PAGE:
By Peter Wagner, N’West Iowa Review
Peter W. Wagner is founder and publisher of the award-winning N’West Iowa REVIEW and nine additional newspapers and shoppers. He often is called The Idea Man and has been a presenter at more than 300 state and national press association and conventions and publishing group meetings. You can contact him regarding his programs “100 Ideas for Fun and Profit,” “Seven Steps to Selling Success” or “Watch Your P’s and Q’s” by e-mailing email@example.com or calling his cell 712-348-3550.
America’s largest internet-based retailer, Amazon.com., continues to bite into the already meager profits of local grocery stores with additional distribution centers and a growing list of low-priced private label products.
The added warehouses are another step by Amazon to hijack the customer base of local brick-and-mortar stores in large and small communities. The move is affecting ma-and-pa operations and major chains.
Many smaller grocery stores, key advertisers in most community newspapers, will have to reinvent themselves to maintain their local customer base.
According to a University of Minnesota study, almost two-thirds of our nation’s rural grocery stores will close in the next 10 years. In most cases there will never be a new store to replace it.
The economic conditions affecting smaller grocery stores are the same ones affecting other hometown businesses including newspapers. The local grocery story and the hometown newspaper are part of the backbone of every Main Street. Both, along with a local bank, local health center and community school are necessary to create a complete local community.
The greatest problem effecting the rural grocery store as well as the hometown paper is lack of interest by younger generations in owning or managing a small community business. The grocery business is hard work. Most hometown grocers are expected to be open long hours seven days a week. It is a business that requires the owner to be an expert in multiple areas. There are few individuals of today’s generation interested in working that hard.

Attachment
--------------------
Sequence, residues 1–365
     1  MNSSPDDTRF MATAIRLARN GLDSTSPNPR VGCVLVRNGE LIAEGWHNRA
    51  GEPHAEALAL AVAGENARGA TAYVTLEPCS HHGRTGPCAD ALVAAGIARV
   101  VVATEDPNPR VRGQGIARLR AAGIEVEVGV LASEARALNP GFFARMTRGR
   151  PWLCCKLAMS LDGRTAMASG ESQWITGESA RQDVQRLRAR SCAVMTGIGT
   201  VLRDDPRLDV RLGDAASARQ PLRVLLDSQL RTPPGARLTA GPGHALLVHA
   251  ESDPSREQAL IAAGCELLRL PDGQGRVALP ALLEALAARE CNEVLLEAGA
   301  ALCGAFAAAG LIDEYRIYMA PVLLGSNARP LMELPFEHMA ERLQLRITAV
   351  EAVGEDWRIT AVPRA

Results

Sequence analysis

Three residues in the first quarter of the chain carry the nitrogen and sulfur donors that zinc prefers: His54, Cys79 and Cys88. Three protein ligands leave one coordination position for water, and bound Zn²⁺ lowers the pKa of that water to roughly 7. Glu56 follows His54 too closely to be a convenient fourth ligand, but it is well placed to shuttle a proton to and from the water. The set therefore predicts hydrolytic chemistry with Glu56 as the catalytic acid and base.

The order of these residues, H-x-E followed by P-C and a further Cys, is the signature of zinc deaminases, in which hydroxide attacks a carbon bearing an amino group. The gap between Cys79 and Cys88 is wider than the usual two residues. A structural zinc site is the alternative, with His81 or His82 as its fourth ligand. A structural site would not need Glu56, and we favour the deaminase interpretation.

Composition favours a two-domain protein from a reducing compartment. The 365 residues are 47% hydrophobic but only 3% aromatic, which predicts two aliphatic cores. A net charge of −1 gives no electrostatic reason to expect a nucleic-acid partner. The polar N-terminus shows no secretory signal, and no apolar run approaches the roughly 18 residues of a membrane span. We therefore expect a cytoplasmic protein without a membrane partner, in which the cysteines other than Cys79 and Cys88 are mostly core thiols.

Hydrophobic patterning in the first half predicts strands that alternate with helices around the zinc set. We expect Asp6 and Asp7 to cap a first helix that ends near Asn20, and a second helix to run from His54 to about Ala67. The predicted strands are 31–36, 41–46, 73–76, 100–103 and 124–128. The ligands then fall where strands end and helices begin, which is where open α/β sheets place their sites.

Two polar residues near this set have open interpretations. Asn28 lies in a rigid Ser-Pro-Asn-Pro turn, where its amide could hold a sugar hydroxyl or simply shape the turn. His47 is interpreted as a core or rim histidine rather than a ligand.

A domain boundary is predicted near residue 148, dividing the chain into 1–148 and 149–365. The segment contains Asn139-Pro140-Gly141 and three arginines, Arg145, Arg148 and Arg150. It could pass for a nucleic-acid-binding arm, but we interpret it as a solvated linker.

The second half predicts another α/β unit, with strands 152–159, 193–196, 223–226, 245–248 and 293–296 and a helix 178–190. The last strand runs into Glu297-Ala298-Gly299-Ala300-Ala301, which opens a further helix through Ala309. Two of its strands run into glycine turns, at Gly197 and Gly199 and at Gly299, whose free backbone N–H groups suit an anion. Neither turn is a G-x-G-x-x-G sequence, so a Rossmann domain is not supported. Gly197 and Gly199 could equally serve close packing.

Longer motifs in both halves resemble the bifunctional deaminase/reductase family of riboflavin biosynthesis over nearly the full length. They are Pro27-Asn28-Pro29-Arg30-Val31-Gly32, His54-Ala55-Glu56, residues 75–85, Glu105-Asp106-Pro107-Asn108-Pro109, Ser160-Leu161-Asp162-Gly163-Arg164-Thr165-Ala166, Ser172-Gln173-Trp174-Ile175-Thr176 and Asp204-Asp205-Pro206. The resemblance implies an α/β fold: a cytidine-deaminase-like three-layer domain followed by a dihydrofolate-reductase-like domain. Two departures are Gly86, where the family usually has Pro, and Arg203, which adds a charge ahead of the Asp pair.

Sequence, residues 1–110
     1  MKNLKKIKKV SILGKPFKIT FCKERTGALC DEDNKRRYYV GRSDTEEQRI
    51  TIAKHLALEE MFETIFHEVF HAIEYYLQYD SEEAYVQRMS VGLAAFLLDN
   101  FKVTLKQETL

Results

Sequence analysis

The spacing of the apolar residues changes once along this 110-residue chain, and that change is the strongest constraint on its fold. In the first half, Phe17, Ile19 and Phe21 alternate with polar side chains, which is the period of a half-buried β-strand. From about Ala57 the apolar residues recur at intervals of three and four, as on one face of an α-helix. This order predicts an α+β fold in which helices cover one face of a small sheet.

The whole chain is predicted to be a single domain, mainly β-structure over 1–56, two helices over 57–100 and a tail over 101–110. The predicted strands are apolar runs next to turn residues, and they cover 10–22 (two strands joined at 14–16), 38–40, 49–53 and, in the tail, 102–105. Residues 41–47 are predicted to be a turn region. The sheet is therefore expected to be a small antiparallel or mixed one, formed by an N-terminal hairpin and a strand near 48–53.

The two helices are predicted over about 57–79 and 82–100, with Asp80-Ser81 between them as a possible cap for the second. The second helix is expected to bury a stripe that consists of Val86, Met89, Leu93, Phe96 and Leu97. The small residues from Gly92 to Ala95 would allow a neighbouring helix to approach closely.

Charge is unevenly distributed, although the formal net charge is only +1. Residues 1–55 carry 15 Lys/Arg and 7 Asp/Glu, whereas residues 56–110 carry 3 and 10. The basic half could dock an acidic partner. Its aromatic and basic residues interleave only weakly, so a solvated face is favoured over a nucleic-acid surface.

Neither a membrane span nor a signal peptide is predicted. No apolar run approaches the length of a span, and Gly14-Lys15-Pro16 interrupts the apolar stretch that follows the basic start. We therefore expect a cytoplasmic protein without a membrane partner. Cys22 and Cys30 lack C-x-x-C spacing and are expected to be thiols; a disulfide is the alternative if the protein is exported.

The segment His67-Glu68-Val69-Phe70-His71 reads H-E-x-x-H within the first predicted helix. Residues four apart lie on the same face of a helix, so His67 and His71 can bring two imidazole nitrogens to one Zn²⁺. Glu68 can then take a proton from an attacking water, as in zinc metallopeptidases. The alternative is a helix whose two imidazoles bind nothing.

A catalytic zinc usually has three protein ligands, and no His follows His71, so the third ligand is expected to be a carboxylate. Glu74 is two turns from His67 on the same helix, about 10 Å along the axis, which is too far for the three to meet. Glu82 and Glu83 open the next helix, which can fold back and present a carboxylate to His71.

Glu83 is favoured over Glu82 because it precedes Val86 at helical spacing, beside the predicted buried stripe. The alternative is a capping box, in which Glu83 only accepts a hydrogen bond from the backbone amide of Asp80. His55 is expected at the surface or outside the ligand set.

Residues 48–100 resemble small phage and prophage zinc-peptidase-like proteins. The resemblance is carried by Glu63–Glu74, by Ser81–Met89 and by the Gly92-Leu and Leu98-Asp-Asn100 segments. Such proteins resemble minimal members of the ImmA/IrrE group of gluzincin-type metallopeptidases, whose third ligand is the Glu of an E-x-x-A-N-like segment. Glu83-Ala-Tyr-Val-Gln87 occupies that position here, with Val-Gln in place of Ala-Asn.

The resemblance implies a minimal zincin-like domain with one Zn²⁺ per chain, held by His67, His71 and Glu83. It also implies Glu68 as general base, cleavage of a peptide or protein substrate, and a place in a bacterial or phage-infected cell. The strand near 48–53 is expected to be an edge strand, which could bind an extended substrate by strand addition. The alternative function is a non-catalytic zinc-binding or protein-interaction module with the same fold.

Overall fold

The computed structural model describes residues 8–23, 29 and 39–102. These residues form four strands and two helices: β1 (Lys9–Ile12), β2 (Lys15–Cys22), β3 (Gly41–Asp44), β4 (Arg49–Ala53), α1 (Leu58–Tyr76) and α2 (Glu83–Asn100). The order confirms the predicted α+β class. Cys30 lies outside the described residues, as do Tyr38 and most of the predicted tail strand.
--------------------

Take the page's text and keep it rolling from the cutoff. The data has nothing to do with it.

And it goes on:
And the same can be said about the newspaper business. Owning and producing a good newspaper requires countless hours attending meetings, taking pictures, selling ads, writing news stories, editing outside material, laying out the paper. managing postal reports, hiring employees and finally overseeing the paper’s delivery.
Yet both businesses offer great satisfaction. Grocery stores are necessary for the flavor and health of the community. They are a gathering point in any community. Their customer base reaches far beyond local homemakers to include local restaurants, nursing homes, schools and day-care centers.
The community newspaper, meanwhile, is more than just a billboard of weekly happenings. It is the first writer of local history, the creator of community consensus, the booster of school organizations and public enterprise and the watchdog of local government. It is unfortunate that many schools of journalism have turned their back on teaching print journalism and instead preach the future of public relations and digital blogging for financial success and personal satisfaction.
More than 90 percent of rural grocers report their most troubling challenges are competition with large grocery chains, high operating costs and narrow profit margins.